Thursday, November 26, 2009

Bravo and Gypsy

Interested in the history of DTP (desktop publishing) and text editors? Bravo was the first WYSIWYG (what you see is what you get) text editor, created in 1974 for the Alto computer. Quoting here from the excellent Dealers of Lightning:

Bravo's interface was heavily moded, meaning that the result of typing a key would differ depending on whether the program was in "command" or "text" mode. [...] Modes were such notorious pitfalls in interface design that they had spawned a standard cautionary joke. This involved a user who inattentively typed the word "edit" while in command rather than text mode: Typing "e" selected the entire document, "d" deleted the selection, and "i" instructed the machine to insert in its stead the next character to be which point the user discovered that his entire document had been inalterably replaced by the letter "t." [...]

Moreover, like all CSL programs, Bravo was exceedingly ugly in appearance. For all CSL's delight at its WYSIWYG capabilities, the program made scant use of the bitmapped screen's graphical power. [...] This reflected a deliberate choice by the CSL designers, who avoided elaborate graphics because they slowed down the system. But because the Systems Science Lab engineers were mostly interested in making the computer intelligible to the average use, they loaded up their programs with graphical gewgaws of all kinds, figuring that within a generation or two the machine's speed would eventually catch up.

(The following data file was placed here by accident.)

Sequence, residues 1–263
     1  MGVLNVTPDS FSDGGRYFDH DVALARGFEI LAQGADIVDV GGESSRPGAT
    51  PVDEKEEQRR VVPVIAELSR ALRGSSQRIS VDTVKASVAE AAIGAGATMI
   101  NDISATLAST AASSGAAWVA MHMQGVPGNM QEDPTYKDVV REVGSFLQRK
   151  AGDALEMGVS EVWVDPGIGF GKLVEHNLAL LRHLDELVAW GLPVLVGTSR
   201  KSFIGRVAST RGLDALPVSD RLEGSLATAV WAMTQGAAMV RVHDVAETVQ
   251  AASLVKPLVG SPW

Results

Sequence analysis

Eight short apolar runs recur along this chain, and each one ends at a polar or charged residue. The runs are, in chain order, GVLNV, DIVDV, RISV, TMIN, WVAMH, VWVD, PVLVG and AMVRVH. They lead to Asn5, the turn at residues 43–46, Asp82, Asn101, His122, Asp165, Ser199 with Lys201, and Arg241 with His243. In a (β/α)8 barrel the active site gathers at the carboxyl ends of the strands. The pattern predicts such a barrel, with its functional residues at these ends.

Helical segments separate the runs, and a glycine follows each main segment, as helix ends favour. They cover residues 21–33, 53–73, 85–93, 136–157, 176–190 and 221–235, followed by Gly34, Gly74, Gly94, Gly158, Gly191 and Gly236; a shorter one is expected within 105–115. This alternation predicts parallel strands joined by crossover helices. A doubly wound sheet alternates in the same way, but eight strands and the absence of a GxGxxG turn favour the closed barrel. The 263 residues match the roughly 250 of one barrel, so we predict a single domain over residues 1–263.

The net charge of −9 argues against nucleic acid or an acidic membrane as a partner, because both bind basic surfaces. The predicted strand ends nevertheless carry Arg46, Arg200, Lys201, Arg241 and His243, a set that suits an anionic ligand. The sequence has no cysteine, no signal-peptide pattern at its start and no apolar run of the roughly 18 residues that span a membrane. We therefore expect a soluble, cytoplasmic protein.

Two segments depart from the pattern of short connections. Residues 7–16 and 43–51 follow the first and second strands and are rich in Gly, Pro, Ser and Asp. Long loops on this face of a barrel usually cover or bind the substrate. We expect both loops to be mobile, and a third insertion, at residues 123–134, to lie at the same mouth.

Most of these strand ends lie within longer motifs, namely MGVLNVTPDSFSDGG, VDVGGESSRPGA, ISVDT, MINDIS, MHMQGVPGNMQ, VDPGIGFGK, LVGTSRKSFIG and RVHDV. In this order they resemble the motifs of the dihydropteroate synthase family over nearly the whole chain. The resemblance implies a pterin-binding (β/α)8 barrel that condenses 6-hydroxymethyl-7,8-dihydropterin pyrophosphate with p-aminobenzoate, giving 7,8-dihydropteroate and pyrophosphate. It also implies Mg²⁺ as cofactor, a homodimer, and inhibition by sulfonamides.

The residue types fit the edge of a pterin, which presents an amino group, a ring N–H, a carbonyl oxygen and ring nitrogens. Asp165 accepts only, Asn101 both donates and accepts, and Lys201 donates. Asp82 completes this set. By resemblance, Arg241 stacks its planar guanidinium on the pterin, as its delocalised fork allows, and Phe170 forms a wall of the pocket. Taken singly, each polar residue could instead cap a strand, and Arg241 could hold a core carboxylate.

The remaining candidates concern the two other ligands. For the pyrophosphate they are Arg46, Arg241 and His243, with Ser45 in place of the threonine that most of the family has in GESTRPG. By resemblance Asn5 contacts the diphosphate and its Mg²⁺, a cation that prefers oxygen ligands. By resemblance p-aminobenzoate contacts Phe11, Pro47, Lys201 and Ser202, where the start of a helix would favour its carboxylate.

Tesler and Mott therefore set out to create a modeless graphical interface to make Bravo simple to use. Inspired by the costume Mott's stepdaughter was wearing for Halloween that year, 1974, they called their new program "Gypsy."

[Hiltzik, Michael A.: Dealers Of Lightning - Xerox PARC and the Dawn of the Computer Age. HarperCollins, 1999, p208-9]

While there's also the full manual available, the course outline of the functions and commands of Bravo is quite a lot more interesting, incorporating caveats such as this:

The length of a Bravo session should not exceed one hour or so, and it is wise to put [save] the file several times over the space of an hour. Bravo keeps a transcript of all commands, and the transcript uses some of the space on the disk which Bravo needs to function. Periodically, quit from Bravo, reenter and begin the editing or text input again. Be sure to put the file before leaving, though.

Overstaying your welcome in Bravo, may result in the message "Suggest you P and Q" (Put and Quit). When you get this message immediately put the file, quit from Bravo and reenter again. This action starts a new transcript and frees space on the disk used by the previous transcript.

Sound familiar? Apparently the creators of the software were used to crashes and system freezes so they even built in an Auto-Quit feature.. neat thinking!

Bravo Course Outline

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